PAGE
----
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Fair Trade Flowers for Valentine’s Day

February 14, 2012

On Valentine’s Day, millions of people around the world will exchange beautiful bouquets of flowers — and have no idea where those flowers came from. According to the Greeting Card Association, an estimated 1 Billion Valentine’s Day cards are sent every year in the United States, making Valentine’s Day the second largest card-selling holiday behind Christmas. While sources vary, approximately 100 million roses are given out on Valentine’s Day in the United States. While roses are commonly associated with Valentine’s Day, many flowers are readily available year round for purchase in grocery stores and farmers markets across the United States. Here in Boston, I know of two stoplights where street vendors sell roses at the red light.

image from flickr / virgomerry

When people think of Colombia and Ecuador, flowers are not usually the first thing that comes to mind. But more than 90% of the flowers exchanged in the United States on Valentine’s Day are imported from Colombia and Ecuador. The remaining 10% of flowers sold on Valentine’s Day are either grown locally in greenhouses across the United States, or are grown in California or Mexico.

But even before the flowers are grown and cultivated in Colombia and Ecuador, the foundation for Valentine’s Day in North America is started in Europe. Laboratories, primarily in the Netherlands, work with the seedlings to ensure viability and other desired characteristics. Once tested for the required traits and purity, the seedlings are sent to South America to be planted and cultivated. The European labs have the ability to change the size and color of the flowers to accommodate the demand of North American consumers.

Once the seedlings are in the hands of the Colombian and Ecuadorian farmers, they are ready to be planted. The temperature is hot, the soil is fertile and these countries do not experience much variation in climate. Once the flowers are planted, watered, picked, and cut they are packed up and shipped north. Many of the flower combinations available at grocery stores are sorted and even packaged in South America. They are pumped with gases to keep them fresh and arrive in North America as soon as 48 hours after being picked.

Due to lack of regulations, many of the farmers in these countries are treated poorly. The employee base of these flower farms has always consisted primarily of women. But, since the early 1990s, a series of investigations has found young children working on the flower farms. And if flowers aren’t labeled “Fair Trade Certified,” they likely came from an area that may not practice ethical business behavior.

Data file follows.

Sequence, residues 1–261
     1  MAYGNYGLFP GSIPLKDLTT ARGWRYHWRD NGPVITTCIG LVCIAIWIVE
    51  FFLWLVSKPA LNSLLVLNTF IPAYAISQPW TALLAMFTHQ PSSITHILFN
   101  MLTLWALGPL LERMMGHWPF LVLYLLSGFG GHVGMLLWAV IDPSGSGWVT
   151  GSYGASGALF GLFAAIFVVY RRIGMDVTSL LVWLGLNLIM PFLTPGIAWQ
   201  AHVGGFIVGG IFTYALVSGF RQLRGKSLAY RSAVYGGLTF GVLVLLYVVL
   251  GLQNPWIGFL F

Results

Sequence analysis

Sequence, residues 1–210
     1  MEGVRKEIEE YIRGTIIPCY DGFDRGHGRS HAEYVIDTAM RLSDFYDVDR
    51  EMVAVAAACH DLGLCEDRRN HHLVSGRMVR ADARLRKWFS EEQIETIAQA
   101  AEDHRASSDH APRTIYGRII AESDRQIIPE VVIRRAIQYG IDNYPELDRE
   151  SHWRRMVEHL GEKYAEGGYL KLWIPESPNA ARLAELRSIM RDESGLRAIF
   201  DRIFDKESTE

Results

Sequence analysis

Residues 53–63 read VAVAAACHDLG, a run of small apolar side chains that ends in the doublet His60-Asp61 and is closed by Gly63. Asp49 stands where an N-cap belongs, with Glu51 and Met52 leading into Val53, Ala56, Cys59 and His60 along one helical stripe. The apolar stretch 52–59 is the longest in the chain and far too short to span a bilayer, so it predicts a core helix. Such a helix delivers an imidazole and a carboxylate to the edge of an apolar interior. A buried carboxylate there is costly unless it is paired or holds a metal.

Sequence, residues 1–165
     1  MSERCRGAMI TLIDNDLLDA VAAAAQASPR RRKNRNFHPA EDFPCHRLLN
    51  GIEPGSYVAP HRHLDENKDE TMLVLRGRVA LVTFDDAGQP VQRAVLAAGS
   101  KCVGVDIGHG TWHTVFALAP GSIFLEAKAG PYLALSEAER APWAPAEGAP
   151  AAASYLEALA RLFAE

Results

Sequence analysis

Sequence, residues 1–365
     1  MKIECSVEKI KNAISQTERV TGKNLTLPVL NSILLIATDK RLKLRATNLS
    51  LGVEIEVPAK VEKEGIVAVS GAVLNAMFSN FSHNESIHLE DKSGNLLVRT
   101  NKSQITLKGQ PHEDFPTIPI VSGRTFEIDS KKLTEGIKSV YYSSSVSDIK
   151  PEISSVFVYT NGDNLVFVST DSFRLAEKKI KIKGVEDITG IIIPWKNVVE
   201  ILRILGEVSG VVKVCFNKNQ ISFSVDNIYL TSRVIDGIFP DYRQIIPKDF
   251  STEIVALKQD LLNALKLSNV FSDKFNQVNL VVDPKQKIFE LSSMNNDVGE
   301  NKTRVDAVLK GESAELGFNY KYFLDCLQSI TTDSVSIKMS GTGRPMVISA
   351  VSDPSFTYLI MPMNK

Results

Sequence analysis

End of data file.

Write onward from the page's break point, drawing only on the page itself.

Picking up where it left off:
What can we do, as environmentally conscious consumers, when giving roses to a loved one on Valentine’s Day?

Look out for three types of certifications: Fair Trade, Rainforest Alliance Certification and the Veriflora Certification. If your flowers are marked with any of these seals, it guarantees that farmers were provided with safe and ethical work environments and also receive their due pay for the work they put in.

Demand for Fair Trade flowers has driven the marketplace dramatically in the past decade. There are even plenty of local florist shops that support fair trade practices.

Have a conversation with your local florist to see what type of product they supply their customer base. Some grocery stores, such as Trader Joe’s and Whole Foods, carry a supply of flowers that are cultivated with Fair Trade Practices. The Trader Joes flowers are marked with the Rainforest Alliance Certification.

The next time you walk by the flower stand on your weekly grocery run, look for Fair Trade certifications before purchasing them. Be a part of the fair-trade movement, and we’ll begin to change the world for the better!

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2 Comments leave one →
  1. susan Rudnicki permalink
    February 17, 2012 12:35 am

    You are leaving out a lot of the nasty stuff—these flowers are often grown with a enormous array of pesticides and fungicides and the women workers have suffered terrible reproductive and other health problems from the exposure. Mother Jones magazine covered the problem a couple years ago. The carbon footprint from this industry is just incredible, also. It is a very frivolous industrial model.

  2. February 17, 2012 11:15 am

    Hi Susan –
    You’re right that the problem goes much deeper than this. The impact on workers, the carbon footprint, the overall use of chemicals — makes the flowers industry a scary one.

    What are the best solutions? Often, it’s to grow your own, or get them locally grown or from a farm nearby! And broadly, we need to engage to change the flower industry.
    Thanks,
    Jeff
    The Green Life

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